It’s a rare event that we have an adults-only weekend, but acknowledging the antiques and information-filled tours at many River Road plantations, we reserved our trip there for just such a time. We started late on Saturday (after soccer, of course), dropped the kids at their grandparents and headed out I-10 toward Sorrento.

Laura Plantation


First up was dinner at The Cabin Restaurant, an original slave cabin from Monroe Plantation. Newspaper still plastered the inside, once used to insulate the former home. Filled with old farming equipment, our back dining room was built to look like a garçonnière, where bachelors stayed on a plantation. The food was hearty and low-key, with the chicken and sausage gumbo coming as a top recommendation from our waitress. There appeared to be a collection of old buildings in the courtyard–slave cabins, a general store and the first Catholic school established for children of color, but unfortunately it was too dark to look around.

Bocage Plantation

Our destination for the evening was Bocage Plantation, a masterfully restored plantation home built in 1837 on land once owned by a descendant of Christopher Columbus. Now open as a bed and breakfast, the four-bedroom mansion offers guests the ultimate in luxury. Our host greeted us with a tour of our room, the first-floor Venetian Room decorated with rich colors, an inlaid ivory bed and antiques we’ve only seen in the finest of homes. With a glass of wine in hand, we spent the evening in good conversation with our fellow guests–a doctor from Houston, an engineer from Baton Rouge and our gracious manager and tour guide Roberto.

In the garden outside Bocage Plantation

We awoke to the smell of bacon (yum!) and marveled at the walk-in steam shower that fought for our attention against the elaborate breakfast waiting for us in the dining room. Our master chef Igor, a native from Ukraine, whipped up omelets, biscuits and apple pancakes all served on fine china alongside our fruit-filled crystal bowls and espresso. Although he spoke little English, he told us of his love of black and white photos, so the pictures featured in this blog are converted in his honor.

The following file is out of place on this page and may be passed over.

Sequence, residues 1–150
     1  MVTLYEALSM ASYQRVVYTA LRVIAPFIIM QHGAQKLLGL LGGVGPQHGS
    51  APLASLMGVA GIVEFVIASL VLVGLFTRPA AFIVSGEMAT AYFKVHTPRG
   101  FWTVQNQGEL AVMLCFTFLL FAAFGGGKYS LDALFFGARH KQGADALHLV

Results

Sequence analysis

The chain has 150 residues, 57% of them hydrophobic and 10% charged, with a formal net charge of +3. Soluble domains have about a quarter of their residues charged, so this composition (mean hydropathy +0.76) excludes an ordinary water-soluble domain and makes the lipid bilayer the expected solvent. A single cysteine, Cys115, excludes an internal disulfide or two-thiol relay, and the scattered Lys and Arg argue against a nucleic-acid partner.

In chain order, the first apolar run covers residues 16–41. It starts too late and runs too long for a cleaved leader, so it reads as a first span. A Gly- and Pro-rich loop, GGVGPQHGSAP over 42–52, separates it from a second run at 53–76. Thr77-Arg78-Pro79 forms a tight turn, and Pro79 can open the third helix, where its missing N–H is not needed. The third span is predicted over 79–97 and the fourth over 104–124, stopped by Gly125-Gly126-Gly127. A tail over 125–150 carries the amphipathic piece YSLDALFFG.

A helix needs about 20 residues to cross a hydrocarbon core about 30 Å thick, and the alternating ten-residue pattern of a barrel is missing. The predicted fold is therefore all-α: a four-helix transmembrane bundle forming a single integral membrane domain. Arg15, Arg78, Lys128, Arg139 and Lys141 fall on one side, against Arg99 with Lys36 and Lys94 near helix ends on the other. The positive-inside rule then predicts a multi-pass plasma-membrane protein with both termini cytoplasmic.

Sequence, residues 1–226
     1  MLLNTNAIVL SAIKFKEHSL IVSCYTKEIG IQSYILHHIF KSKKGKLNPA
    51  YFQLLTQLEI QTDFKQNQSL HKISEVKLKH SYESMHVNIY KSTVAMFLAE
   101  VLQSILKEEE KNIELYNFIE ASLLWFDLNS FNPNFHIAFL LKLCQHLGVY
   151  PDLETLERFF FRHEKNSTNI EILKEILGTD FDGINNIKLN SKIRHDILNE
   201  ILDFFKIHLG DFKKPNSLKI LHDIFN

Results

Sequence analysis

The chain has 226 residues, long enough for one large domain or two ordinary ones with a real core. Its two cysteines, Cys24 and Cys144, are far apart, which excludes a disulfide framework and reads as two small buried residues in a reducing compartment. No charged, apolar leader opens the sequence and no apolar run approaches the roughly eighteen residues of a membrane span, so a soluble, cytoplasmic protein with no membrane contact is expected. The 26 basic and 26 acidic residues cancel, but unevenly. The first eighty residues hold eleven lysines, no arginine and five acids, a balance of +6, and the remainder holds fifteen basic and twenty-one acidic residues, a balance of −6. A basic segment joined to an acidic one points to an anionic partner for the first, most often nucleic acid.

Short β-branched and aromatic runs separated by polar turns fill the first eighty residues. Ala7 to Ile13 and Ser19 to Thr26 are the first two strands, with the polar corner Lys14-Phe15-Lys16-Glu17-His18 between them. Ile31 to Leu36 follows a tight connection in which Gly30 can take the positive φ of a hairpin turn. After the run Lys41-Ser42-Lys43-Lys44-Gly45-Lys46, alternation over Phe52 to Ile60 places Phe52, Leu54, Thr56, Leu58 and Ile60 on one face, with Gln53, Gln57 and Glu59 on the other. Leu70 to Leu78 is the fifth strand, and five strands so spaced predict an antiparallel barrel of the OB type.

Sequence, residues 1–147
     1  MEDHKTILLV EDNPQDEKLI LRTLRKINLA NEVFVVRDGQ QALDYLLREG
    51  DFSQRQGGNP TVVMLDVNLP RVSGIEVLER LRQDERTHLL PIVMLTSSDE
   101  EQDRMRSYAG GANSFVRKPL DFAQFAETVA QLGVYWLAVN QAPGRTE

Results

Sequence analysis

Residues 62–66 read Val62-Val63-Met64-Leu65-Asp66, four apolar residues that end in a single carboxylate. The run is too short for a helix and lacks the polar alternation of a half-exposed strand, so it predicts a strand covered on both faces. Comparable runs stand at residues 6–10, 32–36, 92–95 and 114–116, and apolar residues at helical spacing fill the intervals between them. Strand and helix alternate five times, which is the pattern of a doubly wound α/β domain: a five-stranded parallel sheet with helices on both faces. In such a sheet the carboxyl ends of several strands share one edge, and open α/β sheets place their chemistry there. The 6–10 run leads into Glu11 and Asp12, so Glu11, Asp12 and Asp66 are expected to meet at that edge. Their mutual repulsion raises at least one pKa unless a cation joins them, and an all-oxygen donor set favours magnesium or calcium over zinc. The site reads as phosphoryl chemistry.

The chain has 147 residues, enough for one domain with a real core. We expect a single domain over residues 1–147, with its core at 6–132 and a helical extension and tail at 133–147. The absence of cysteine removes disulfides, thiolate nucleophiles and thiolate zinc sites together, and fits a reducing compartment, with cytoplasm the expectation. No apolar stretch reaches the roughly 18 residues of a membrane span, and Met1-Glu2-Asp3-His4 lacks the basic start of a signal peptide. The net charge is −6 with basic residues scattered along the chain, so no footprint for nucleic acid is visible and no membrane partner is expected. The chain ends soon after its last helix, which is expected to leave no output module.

The morning was chilly outside, but we bundled up and walked the grounds for better views of the mansion. Horses grazed in the fields next to us and ruins lay in the back of the property from when sugar cane used to be harvested and burned on the property. We said our goodbyes and pointed the car toward the Sunshine Bridge, crossing the Mississippi River and carrying on to the other side.

American Queen Steamboat

Traveling south, we were struck by the sight of a steamboat docked along the river’s bank. We quickly pulled over and climbed the levee to get a better view of the American Queen, stopped in Vacherie on its voyage from New Orleans to Memphis. Turning around, we smiled at the familiar row of 300-year-old live oaks lining the path to Oak Alley Plantation, probably one of the most photographed places in the country. We only had a minute to take in the view, though, before we continued on to make our tour at Laura Plantation.

Slave cabin at Laura Plantation

The elevated and brightly colored Laura Plantation home stands as a tribute to the generations of Creoles and their slaves who once lived on this property. In one of the most captivating Louisiana accents I’ve ever heard, Stephen, our tour guide, led us through the history of Laura Locoul’s family. The tour is based on Laura’s memoirs and spares no details in describing the lives of her ancestors, from their business successes to their personal sacrifices, from the raw, but generally accepted treatment of slaves to the family’s own downfalls. It’s a thought-provoking tour–one that will stay with me for quite some time.

Unfortunately, there is only so much time in a weekend, and the rest of River Road’s grand plantations had to be saved for another day and another adventure. 

Oak Alley Plantation


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